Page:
I am not a big fan of Seinfeld. I will not lie. I have always felt the show was a big pile of steaming poo on an otherwise perfectly clean doorstep. The show started in 1989 and ended in 1998, and has basically lived in rerun heaven ever since. In short, I’ve been accidentally stepping into this proverbially pile, whilst flipping through the channels on the boob tube, for almost twenty years. There’s something wrong with that—the way there’s something with wrong with spray on tans or polka dotted fabric.
But let’s get back to the point.
Why do I hate it so?
Well let’s start with the characters. I’ve taken the liberty of “borrowing” some Wikipedia summaries on each of the main character’s traits and story contributions.
Let’s take a closer look.
Jerry: Jerry is the show's central character, a stand-up comedian who is often seen as "the voice of reason" amid all the insanity generated by the people in his world. Plot lines often involve Jerry's romantic relationships; he typically finds small, silly reasons to stop dating women; in one episode, he breaks up with a woman because she eats her peas one at a time; in another, it is because, although a beautiful model, she has overly-large "man hands."
George: George is Jerry's best friend since high school. He is cheap, dishonest, petty and often jealous of others' achievements. He is often portrayed as a loser who is insecure about his capabilities. He frequently complains and lies about his profession, relationship, and almost everything else, which usually creates trouble for him later. He often uses an alias ("Art Vandelay"), when lying or assuming a fake identity.
Kramer: Kramer is Jerry's "wacky neighbor" and friend. His trademarks include his humorous upright pompadour hairstyle, vintage clothing and his energetic sliding bursts through Jerry's apartment door. Elaine refers to him as a 'hipster doofus'. At times, he acts naive, dense, and almost child-like, yet randomly shows astonishing insight into human behavior.
Elaine: Elaine is intelligent and assertive, but superficial. She sometimes has a tendency to be very honest with people, which often gets her into trouble. She often gets caught up in her boyfriends' habits, her eccentric employers' unusual demands, and the unkindness of total strangers.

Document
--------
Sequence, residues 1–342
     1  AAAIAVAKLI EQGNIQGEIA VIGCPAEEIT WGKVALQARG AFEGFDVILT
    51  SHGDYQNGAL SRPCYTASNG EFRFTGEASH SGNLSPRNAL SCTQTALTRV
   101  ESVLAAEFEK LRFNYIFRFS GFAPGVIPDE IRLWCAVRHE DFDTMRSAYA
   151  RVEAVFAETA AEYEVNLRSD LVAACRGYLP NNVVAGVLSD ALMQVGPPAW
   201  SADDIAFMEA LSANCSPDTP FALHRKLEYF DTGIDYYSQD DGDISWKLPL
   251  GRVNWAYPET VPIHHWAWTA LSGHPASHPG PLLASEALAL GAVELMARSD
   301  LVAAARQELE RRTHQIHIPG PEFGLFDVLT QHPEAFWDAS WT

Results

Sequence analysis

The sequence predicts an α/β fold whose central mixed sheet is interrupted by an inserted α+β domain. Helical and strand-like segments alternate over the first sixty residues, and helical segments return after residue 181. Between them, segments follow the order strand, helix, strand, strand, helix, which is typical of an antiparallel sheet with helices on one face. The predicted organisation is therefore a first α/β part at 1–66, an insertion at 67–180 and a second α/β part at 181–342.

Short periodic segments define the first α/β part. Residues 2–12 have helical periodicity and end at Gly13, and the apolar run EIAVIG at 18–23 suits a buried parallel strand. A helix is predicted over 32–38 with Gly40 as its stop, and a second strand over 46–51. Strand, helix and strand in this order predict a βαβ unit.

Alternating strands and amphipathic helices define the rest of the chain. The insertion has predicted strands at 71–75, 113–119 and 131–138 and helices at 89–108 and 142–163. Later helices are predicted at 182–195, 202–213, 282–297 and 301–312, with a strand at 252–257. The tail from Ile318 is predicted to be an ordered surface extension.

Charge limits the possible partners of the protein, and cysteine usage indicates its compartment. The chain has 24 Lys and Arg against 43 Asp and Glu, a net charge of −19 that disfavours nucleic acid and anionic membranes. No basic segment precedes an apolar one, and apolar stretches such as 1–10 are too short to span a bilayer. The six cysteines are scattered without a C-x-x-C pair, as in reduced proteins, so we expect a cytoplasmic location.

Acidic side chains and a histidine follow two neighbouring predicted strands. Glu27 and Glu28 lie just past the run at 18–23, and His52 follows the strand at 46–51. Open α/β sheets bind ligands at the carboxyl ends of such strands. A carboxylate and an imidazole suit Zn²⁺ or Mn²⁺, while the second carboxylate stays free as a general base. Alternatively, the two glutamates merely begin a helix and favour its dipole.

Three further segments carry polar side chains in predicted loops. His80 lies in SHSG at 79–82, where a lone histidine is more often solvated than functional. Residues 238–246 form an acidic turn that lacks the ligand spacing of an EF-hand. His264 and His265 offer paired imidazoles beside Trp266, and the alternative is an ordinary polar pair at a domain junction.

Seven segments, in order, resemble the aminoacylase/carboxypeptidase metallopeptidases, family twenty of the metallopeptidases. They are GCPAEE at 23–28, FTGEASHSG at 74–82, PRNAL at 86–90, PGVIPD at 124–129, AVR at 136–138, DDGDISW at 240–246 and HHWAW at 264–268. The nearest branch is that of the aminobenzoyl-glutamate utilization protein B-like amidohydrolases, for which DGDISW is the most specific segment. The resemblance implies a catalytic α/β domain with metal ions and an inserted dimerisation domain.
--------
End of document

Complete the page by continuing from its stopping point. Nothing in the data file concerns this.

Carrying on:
What’s to like about these people? Their lives are experiments in human embarrassment. Not a single one of the show’s episodes could exist if the characters simply yielded to their more contentious, honest, compassionate selves. Instead they live the most contrived and petty existences ever created for human entertainment. In short, they aggravate the hell out of me.
Now that I’ve explained my feelings, let the science be ushered into the argument.
Roger Ebert, the Pulitzer Prize winning film critic, recently wrote in an online article the following:
Studies have indicated that Elevation, [a term used to describe elevated levels of emotional and intellectual stimulation and its consequential neural chemical releases], is triggered by the stimulus of our vagus nerve, described by Wikipedia as the only nerve that starts in the brainstem and extends down below the head, to the neck, chest and abdomen, where it contributes to the innervations of the viscera. It must be involved in what we call "visceral feelings," defined as "relating to deep inward feelings rather than to the intellect."
The vagus nerve would certainly account for what I feel, which is as much physical as mental. For years, when asked "how do you know a movie is great?" I've had the same reply: I feel a tingling in my spine. People look at me blankly. I explain that I feel an actual physical sensation that does not depend on the abstract quality of the movie, but on--well, my visceral feelings.
Yoffe writes: "In his forthcoming book Born To Be Good, Keltner writes that he believes when we experience transcendence, it stimulates our vagus nerve, causing 'a feeling of spreading, liquid warmth in the chest and a lump in the throat'." Yes, that's what I feel. Does it sound familiar to you? Jonathan Haidt devised a fascinating study at the University of Virginia, described by Yoffe:
Since it's tricky to study the vagus nerve, [Haidt] and a psychology student conceived of a way to look at it indirectly. The vagus nerve works with oxytocin, the hormone of connection. Since oxytocin is released during breast-feeding, he and the student brought in 42 lactating women and had them watch either an inspiring clip from The Oprah Winfrey Show about a gang member saved from a life of violence by a teacher or an amusing bit from a Jerry Seinfeld routine.
About half the Oprah-watching mothers either leaked milk into nursing pads or nursed their babies following the viewing; none of the Seinfeld watchers felt enough breast dilation to wet a pad, and fewer than 15 percent of them nursed.
What does all of that mean, anyway? Well, it means that something I have always known has finally been scientifically proven. Seinfeld is Poo.